• Changes Affecting 401(k) Plans
- Participation by Certain Part-Time Employees in 401(k) Plans (SECURE Act Section 112). Effective for plan years beginning after December 31, 2020, 401(k) plans must permit participation by long-term part-time employees who are at least age 21 and who work at least 500 hours in 3 consecutive 12-month periods, unless they are in a collective bargaining unit. No employer matching or nonelective contributions are required to be made for these participants, and they can be disregarded in certain nondiscrimination and top-heavy testing. These participants will earn one year of vesting service for each 12-month period during which they complete at least 500 hours of service.
- Increase on Maximum Default Rate under a Qualified Automatic Contribution Arrangement (“QACA”) Safe Harbor 401(k) Plan (SECURE Act Section 102). Effective for plan years beginning after December 31, 2019, the 10% cap on default automatic contribution rates under a Code Section 401(a)(13) QACA safe harbor 401(k) plan is increased to 15%, after the employee’s first plan year of participation.
- Changes for Nonelective Employer Contribution Traditional and QACA Safe Harbor 401(k) Plans (SECURE Act Section 103). Effective for plan years beginning after December 31, 2019, nonelective employer contribution 401(k) safe harbor plans—
o Are no longer subject to safe harbor notice requirements; and
o May be amended to provide for safe harbor nonelective employer contributions after the beginning of the plan year. The employer must adopt the plan amendment more than 30 days before the end of the plan year, unless the rate of nonelective employer contributions is at least 4% of employee compensation, in which case, the employer must adopt the amendment by the end of the following plan year.
• Changes in Plan Administration
- Consolidated Form 5500 Filings (SECURE Act Section 202). The SECURE Act directs the IRS and DOL to modify the annual reporting (Form 5500 Series) rules to allow a group of defined contribution plans to file a single, consolidated Form 5500, provided the plans have the same trustee, named fiduciary(ies), plan administrator, plan years, and the same investments or investment options for participants and beneficiaries. The new rules would apply to plan years beginning after December 31, 2021.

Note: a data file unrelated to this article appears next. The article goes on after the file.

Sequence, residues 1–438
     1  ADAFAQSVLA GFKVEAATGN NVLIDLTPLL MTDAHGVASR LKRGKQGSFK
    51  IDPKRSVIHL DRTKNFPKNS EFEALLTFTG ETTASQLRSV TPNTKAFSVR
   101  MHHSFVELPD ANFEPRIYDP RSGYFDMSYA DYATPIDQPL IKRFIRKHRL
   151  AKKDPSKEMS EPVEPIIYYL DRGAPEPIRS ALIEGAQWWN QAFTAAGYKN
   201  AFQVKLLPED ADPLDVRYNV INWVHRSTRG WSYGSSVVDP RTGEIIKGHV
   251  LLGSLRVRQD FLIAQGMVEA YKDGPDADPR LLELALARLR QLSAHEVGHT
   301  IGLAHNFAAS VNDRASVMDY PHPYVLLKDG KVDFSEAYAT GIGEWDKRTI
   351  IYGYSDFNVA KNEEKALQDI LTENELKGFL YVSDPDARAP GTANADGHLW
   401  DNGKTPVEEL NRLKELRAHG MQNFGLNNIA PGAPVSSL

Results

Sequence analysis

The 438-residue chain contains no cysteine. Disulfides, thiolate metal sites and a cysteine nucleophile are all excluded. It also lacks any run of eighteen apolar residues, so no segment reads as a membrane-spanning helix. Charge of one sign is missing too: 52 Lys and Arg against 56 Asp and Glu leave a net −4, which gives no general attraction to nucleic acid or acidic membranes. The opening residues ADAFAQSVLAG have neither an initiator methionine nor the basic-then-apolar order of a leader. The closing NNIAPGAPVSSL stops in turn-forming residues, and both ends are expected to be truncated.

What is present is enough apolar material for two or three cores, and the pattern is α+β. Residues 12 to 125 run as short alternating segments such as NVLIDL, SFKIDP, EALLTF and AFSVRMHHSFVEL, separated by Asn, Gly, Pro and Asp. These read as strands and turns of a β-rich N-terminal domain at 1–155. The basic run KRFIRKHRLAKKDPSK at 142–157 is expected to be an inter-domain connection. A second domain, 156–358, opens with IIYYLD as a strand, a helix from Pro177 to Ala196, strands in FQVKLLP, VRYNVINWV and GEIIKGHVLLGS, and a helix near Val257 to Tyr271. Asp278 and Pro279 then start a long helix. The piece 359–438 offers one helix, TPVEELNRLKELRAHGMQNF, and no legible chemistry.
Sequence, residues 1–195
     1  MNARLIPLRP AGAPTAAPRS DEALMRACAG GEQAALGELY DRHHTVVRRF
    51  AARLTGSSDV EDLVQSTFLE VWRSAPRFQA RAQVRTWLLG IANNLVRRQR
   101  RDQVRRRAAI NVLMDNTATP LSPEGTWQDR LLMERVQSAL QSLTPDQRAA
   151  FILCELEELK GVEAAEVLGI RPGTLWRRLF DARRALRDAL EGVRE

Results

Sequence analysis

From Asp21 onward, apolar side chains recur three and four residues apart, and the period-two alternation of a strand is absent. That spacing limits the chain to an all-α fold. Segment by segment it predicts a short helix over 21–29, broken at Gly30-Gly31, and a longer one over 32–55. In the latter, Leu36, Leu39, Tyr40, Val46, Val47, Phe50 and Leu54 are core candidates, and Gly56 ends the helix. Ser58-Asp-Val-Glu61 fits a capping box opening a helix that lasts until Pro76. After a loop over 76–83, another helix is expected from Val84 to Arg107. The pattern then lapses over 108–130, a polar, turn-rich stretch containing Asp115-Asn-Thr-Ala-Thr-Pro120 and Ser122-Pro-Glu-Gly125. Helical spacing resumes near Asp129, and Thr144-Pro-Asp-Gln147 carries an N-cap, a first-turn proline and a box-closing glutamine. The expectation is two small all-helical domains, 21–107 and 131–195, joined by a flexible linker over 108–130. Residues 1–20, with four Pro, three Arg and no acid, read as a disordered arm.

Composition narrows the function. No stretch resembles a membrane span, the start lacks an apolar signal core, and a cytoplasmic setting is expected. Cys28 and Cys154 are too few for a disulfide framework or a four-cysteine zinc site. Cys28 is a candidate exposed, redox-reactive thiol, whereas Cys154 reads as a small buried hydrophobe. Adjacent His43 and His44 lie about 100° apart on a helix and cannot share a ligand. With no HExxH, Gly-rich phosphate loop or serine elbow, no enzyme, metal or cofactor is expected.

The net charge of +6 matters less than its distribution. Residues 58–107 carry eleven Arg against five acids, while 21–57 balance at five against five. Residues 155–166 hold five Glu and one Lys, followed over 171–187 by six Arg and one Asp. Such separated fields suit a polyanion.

- Increased Penalties for Failure to Timely File Retirement Plan Returns (SECURE Act Section 403). Effective for returns, statements and notifications required to be filed or provided after December 31, 2019, the SECURE Act increases the penalties for failure to timely file or provide the following retirement plan-related returns and notices:
o The Code Section 6652(e) penalty on qualified plans, funded deferred compensation plans, and fringe benefit plans that file late or materially incomplete Form 5500 annual returns is increased from $25 per day to $250 per day, and the maximum penalty per plan year is increased from $15,000 to $150,000;
o The Code Section 6652(d) penalty for failure to file Form 8955-SSA (Annual Registration Statement Identifying Separated Participants with Deferred Vested Participants) is increased from $1 per participant multiplied by the number of days the failure occurred (up to a maximum penalty of $5,000) to $10 per participant multiplied by the number of days the failure occurred (up to a maximum penalty of $50,000); and
o The Code Section 6652(h) penalty for failure to provide recipients with withholding notices required by Code Section 3405(e)(10)(B) is increased from $10 per failure (up to a maximum of $5,000 per calendar year) to $100 per failure (up to a maximum of $50,000 per calendar year).
- Increased Penalty for Failure to Timely File Tax Returns (SECURE Act Section 402). The SECURE Act increases the Code Section 6651(a) minimum penalty for filing a late tax return to the lesser of $435 (adjusted for inflation) or 100% of the tax reported on the return, effective for returns with due dates (including extensions) after December 31, 2019.